When allergy season is in full swing, your dental health may not be on the top of your mind. But a case of hay fever can make an impact on your teeth and gums. Here’s what to look out for and how to protect your mouth.
As your immune system wages war on pollen and dust, sinus pain is a common issue. The hollow spaces in your head fill up with mucus, causing aches and pains in your face. The maxillary sinuses, the largest sinuses in your face, are located above your mouth. When pressure builds in these sinuses, it can push down on the roots of your upper molars. You may experience sensitivity to hot and cold or notice pain that shifts as you sit, stand or lie down.
For relief, try antihistamines. If your toothache goes away after taking antihistamines, the tooth is likely allergy related. But if it persists after your allergy symptoms disappear, or occurs somewhere other than your upper molars, talk to your dentist. The pain may be caused by decay.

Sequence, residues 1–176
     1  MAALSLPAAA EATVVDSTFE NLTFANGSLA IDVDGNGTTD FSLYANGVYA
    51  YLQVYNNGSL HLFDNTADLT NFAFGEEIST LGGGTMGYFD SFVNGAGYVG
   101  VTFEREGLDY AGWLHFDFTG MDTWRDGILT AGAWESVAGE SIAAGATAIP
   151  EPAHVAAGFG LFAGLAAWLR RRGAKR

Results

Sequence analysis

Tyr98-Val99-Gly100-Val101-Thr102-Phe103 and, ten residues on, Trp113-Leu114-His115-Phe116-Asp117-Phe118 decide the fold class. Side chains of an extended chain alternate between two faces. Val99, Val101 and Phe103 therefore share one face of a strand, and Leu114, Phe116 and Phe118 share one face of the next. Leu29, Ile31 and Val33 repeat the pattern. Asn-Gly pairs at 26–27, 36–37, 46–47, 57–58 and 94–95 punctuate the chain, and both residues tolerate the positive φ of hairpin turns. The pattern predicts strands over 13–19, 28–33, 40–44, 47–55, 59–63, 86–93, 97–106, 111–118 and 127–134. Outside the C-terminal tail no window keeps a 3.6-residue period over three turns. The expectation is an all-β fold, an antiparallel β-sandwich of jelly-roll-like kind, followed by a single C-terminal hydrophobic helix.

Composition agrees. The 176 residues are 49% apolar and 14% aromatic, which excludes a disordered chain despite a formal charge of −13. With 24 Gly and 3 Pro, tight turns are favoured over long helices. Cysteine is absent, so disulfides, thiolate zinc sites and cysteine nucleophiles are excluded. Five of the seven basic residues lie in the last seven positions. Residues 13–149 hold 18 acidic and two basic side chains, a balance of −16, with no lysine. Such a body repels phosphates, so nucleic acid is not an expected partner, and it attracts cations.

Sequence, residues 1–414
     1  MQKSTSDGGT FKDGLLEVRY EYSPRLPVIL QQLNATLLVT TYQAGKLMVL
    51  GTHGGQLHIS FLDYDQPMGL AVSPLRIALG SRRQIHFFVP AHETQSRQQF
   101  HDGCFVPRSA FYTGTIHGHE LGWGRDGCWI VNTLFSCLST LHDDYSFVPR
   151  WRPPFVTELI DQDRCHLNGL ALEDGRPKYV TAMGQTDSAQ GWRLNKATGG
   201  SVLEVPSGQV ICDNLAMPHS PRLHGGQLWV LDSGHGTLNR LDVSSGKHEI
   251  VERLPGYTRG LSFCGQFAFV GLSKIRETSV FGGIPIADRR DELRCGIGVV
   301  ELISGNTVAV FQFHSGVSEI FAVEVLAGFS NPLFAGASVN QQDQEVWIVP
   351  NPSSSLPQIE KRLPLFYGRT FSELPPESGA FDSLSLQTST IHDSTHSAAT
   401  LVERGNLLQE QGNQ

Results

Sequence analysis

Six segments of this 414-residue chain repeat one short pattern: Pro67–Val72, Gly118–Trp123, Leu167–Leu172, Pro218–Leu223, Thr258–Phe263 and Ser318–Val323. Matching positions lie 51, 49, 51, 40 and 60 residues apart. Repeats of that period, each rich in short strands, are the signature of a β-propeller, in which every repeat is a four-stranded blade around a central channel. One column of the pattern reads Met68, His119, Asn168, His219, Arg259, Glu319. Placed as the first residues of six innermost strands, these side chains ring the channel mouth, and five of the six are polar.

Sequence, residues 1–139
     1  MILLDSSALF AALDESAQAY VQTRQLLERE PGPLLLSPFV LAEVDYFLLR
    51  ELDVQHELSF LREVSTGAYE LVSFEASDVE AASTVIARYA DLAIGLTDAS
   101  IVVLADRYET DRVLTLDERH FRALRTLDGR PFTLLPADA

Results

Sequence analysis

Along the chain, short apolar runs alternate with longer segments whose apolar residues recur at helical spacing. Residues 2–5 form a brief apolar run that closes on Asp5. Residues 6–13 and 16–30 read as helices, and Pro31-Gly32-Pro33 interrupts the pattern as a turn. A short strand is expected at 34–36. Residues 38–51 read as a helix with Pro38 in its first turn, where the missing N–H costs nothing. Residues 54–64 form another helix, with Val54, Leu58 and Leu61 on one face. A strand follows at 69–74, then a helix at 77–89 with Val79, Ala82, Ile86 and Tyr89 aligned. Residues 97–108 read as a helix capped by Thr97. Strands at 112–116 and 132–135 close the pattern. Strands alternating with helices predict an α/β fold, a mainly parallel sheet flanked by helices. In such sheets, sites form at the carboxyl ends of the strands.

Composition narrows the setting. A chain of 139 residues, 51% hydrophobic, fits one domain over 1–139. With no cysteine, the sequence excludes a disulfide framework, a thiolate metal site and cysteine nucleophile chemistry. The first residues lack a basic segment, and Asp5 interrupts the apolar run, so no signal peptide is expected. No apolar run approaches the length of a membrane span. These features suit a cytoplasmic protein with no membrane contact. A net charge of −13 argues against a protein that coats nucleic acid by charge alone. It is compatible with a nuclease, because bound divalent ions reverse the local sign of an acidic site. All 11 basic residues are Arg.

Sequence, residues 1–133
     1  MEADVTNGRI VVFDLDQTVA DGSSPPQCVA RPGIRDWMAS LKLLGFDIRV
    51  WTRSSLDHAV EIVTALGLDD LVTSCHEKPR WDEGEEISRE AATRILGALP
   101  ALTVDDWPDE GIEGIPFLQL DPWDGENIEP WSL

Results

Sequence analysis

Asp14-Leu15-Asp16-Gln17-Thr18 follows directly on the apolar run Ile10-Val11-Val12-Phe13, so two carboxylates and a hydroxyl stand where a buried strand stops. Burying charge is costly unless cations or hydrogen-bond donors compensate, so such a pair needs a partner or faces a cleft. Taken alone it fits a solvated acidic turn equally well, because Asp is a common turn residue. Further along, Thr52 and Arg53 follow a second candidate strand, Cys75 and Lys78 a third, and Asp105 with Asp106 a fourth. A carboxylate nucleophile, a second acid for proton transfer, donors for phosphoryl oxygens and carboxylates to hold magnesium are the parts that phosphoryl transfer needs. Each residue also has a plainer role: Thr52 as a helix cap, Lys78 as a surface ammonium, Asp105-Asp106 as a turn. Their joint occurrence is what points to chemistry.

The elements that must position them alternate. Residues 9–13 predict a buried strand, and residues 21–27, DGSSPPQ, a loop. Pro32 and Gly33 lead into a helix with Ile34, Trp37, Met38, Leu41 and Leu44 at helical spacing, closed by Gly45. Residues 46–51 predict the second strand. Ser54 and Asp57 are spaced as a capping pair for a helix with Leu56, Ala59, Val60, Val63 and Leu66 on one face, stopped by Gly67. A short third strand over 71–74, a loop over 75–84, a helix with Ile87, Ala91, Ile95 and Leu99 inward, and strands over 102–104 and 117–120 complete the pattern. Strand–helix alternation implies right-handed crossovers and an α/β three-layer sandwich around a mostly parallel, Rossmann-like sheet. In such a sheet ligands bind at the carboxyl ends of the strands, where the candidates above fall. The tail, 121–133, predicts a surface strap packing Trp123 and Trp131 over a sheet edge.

Allergies can cause dry mouth in two ways. First, you’re more likely to breathe through your mouth when your nose is stuffy. Second, dry mouth is a side effect of many antihistamines.
This condition isn’t just uncomfortable — it also increases your chances of developing cavities, gum disease and bad breath. One of the main functions of saliva is to wash away harmful bacteria. That means a dry mouth is the perfect place for cavity-causing bacteria to multiply.
Postnasal drip cause by allergies is a common cause of a sore throat. A sore throat can also cause bad breath, and since it originates in the throat, brushing your teeth won’t do much to help.
Last updated February 03, 2022
The oral health information on this website is intended for educational purposes only. Always consult a licensed dentist or other qualified health care professional for any questions concerning your oral health.